Not everyone agrees. It’s a perception issue, argues Winston Deavor (Bob Odenkirk) and his sister Evelyn (Catherine Keener), a couple of multi-millionaire siblings with a lifelong affinity for supers. Winston understands marketing spin and offers to use Elastigirl as part of a campaign to make the public rethink their narrow stance on superheroes. They suggest that the public sees only the aftermath of their super-efforts, the collateral and infrastructural damage, but if they give a body-mounted camera to Elastigirl, who statistically has less of a propensity for destruction than the comparatively clumsy Bob, together they can reframe the public’s views on superheroes. Along with the human ice maker Frozone (Samuel L. Jackson), the Parr adults agree to the Deavors’ plan, and Elastigirl becomes the new face of the pro-superhero campaign. She’s also joined by a fun group of new heroes—the portal-slinging Voyd, the owl-like Screech, the fire-vomiting Reflux, and so on. In the meantime, Bird introduces germane issues from media spin to female empowerment into Incredibles 2, as Helen takes center-stage and bonds with Evelyn over their mutual observance of the otherwise boy’s club mentality regarding superheroes.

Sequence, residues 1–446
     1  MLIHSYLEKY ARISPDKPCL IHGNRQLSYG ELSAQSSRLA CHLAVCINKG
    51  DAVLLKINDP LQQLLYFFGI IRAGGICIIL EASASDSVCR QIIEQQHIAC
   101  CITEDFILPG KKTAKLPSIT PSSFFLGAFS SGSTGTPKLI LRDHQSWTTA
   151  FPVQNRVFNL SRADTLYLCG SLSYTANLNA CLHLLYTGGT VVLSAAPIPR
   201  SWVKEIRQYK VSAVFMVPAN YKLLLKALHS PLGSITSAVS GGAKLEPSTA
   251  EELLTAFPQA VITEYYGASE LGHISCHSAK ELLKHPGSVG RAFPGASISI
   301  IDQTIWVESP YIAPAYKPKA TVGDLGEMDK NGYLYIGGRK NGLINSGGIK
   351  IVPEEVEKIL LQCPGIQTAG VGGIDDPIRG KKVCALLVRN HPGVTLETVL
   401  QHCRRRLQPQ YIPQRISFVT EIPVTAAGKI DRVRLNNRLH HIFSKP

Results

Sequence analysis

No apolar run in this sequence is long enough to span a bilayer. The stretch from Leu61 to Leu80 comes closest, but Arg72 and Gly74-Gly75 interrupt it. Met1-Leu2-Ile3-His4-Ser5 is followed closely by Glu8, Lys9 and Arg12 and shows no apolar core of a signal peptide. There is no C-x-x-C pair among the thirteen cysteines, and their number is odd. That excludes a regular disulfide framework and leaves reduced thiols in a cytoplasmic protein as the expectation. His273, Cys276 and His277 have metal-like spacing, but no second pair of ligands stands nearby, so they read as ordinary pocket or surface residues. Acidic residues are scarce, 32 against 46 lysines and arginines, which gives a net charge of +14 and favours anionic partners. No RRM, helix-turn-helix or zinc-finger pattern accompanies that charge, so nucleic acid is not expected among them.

incredibles-2.2While Elastigirl stops runaway trains for the camera, Mr. Incredible plays Mr. Mom at home, jealous that his wife gets the spotlight. Bob helps Dash with this math homework. He (mis)manages a romantic crisis with Violet (their government handler, Dicker (Jonathan Banks), inadvertently wiped all memory of Violet from the mind of the boy she likes). And he tries to contain the emergence of Jack-Jack’s powers, losing no end of sleep in the process. Bob quickly realizes that he has undervalued Helen, and that “Parenting, when done right, can be an act of heroism”—a bit of wisdom delivered by their costume designer Edna Mode (voiced by Bird himself), who helps by making a super-suit to manage the multi-gifted baby. The story’s basic setup provides a dated look at gender roles that, appropriately, borrows a strain from Mr. Mom (1983), complete with an exhausted father realizing far too late that parenting requires inhuman endurance and patience. Bird’s theme of Bob finally being involved with his family is mirrored by Elastigirl’s fight against the Screenslaver, a new villain who uses kaleidoscopic hypnotizing patterns to control anyone he wants—all in protest against our omnipresent screens: smartphones, televisions, tablets, and computers that keep us apart when they should bring us together.